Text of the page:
As for Wednesday’s economic data, during the Asian morning, New Zealand’s retail sales for Q1 are due to be released, with the forecasts suggesting a slowdown in both headline and core sales. Japan’s trade balance for April and core machinery orders for March are also scheduled to be released.
Later in the day, the UK CPIs for April are coming out. Both the headline and core CPI rates are expected to have risen to +2.2% yoy and 1.9% yoy, from +1.9% and +1.8% respectively. Although this could prove to be somewhat supportive for the pound, with the BoE’s hands tied until the Brexit riddle is solved, we don’t expect any major reaction.
We expect GBP-traders to keep their gaze locked on the political landscape and the uncertainty surrounding the UK’s future relationship with the EU. Theresa May is set to put her deal to a Parliamentary vote for the fourth time on the week starting on June 3rd, but the media suggests that it is doomed to be rejected once again. What’s more, the pressure on May to resign has been increasing day by day. In the past, May has pledged to step down if her deal passes through Parliament, but recently, many in her own party clearly pointed out that they want her down even if the agreement is rejected, while others are asking for her to quit immediately. Having in mind that several of her potential replacements are hardline Brexiteers, this raises the probability for a no-deal Brexit in the end of October.
From Canada, we get retail sales for March. Expectations are for both headline and core sales to have accelerated. Specifically, the headline rate is forecast to have risen to +1.0% mom from +0.8%, while the core one is anticipated to have increased to +0.8% mom from +0.6%. Despite the stellar employment report for April, which revealed record job gains, inflation data disappointed. Thus, even if we get a decent set of retail sales data, we stick to our guns that BoC policymakers are unlikely to start thinking again about rate increases any time soon. After all, they abandoned their hiking bias just at the previous meeting. We believe that they may prefer to wait for more improvement in economic data before they turn their eyes to the hike button.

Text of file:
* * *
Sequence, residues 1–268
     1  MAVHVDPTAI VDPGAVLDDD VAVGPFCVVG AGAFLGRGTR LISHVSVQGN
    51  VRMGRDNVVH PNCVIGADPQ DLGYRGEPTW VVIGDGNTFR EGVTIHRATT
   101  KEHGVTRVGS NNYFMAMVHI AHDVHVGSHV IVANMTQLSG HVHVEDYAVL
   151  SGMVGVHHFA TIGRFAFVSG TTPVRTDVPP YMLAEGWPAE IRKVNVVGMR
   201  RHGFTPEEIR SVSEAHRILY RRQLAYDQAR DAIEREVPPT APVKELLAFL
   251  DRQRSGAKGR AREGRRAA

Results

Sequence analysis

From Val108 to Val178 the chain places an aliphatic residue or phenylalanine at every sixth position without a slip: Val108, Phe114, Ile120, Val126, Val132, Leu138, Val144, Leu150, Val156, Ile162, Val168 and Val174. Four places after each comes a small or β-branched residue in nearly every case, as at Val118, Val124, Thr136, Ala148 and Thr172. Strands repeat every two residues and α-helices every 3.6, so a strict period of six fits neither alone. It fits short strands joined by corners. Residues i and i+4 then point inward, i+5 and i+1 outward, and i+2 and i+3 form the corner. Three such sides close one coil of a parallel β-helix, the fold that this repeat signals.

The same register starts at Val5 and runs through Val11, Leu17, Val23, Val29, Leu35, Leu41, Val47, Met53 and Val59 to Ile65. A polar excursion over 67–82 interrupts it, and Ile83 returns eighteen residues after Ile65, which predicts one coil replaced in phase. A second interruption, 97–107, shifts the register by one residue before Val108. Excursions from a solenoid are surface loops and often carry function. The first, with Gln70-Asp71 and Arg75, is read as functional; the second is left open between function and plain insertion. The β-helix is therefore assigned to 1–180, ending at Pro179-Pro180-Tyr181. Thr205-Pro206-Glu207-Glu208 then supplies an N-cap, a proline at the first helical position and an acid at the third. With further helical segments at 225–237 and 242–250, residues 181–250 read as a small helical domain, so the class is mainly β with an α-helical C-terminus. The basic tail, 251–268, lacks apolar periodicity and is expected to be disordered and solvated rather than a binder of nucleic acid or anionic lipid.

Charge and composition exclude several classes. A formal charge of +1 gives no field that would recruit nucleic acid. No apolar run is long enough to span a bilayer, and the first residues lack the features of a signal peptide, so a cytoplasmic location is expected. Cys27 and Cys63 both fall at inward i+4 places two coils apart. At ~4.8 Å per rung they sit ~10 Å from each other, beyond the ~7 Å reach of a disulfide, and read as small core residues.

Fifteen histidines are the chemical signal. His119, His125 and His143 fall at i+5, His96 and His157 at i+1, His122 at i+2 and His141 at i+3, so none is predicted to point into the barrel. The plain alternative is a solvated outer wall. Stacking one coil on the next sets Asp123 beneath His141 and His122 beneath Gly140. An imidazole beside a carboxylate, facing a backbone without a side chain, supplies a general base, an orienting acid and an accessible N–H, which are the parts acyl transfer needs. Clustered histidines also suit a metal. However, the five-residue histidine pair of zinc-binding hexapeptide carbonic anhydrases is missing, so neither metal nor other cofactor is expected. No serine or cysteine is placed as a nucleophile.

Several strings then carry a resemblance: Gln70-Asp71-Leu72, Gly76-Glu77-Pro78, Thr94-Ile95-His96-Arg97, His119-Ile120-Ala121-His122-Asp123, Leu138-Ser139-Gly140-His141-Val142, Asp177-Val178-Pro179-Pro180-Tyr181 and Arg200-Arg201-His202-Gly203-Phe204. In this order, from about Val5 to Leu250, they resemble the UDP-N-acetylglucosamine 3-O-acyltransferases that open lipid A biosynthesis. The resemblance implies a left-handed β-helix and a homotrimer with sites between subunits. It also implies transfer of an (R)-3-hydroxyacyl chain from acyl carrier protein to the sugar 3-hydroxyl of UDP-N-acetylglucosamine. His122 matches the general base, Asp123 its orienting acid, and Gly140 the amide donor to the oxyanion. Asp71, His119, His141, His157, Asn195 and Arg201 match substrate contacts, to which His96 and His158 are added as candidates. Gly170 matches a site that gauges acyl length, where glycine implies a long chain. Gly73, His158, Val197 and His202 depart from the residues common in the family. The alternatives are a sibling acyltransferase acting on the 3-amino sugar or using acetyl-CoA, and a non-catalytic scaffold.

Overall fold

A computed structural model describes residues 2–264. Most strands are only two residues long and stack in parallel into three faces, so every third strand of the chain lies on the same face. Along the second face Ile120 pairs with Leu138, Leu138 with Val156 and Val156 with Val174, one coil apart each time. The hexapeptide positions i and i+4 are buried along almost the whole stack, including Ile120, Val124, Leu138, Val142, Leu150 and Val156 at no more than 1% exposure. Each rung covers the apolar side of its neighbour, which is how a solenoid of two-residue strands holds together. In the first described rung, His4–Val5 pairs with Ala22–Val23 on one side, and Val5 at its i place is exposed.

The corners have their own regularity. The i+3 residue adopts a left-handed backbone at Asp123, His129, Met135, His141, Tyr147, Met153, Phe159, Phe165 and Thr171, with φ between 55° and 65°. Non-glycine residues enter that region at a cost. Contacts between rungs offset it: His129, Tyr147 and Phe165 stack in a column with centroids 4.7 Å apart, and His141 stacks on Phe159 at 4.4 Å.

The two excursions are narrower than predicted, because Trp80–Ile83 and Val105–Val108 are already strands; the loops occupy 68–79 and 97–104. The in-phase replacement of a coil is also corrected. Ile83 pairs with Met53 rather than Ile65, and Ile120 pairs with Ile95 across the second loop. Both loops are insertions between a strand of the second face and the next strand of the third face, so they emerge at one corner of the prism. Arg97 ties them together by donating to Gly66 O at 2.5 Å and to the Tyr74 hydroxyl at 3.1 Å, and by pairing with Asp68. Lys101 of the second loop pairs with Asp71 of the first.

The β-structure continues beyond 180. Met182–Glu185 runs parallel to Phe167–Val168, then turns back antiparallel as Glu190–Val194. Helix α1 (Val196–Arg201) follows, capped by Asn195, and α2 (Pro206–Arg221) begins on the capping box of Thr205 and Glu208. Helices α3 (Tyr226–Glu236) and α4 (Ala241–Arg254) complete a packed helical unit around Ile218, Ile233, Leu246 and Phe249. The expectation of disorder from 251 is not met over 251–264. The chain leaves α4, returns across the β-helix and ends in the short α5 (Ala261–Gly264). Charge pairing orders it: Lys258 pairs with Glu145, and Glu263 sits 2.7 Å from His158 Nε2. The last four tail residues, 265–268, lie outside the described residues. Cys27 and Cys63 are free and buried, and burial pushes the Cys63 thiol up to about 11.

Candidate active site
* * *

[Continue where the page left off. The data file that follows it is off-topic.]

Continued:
On Thursday, we get preliminary PMIs for May from several European nations and the Eurozone as a whole. The bloc’s manufacturing PMI is expected to have risen somewhat, but to have stayed below the boom-or-bust mark of 50. Specifically, the index is expected to have risen to 48.2 from 47.9. The services PMI is forecast to have increased as well, to 53.0 from 52.8. All this is likely to drive the composite index slightly higher, to 51.7 from 51.5.
At the latest ECB policy meeting, Draghi and co. reiterated their guidance that interest rates are likely to stay at present levels “at least through the end of 2019”, with the ECB Chief noting again that the risks surrounding the Euro area economic outlook “remain tilted to the downside”. He also added that policymakers will consider “whether the preservation of the favorable implications of negative interest rates for the economy requires the mitigation of their possible side effects, if any, on bank intermediation”. Thus, although the PMIs would still be far from exciting (according to the forecasts), they could lessen further the need for additional policy measures beyond the new round of TLTROs, especially after the rebound in GDP growth during the first quarter of this year.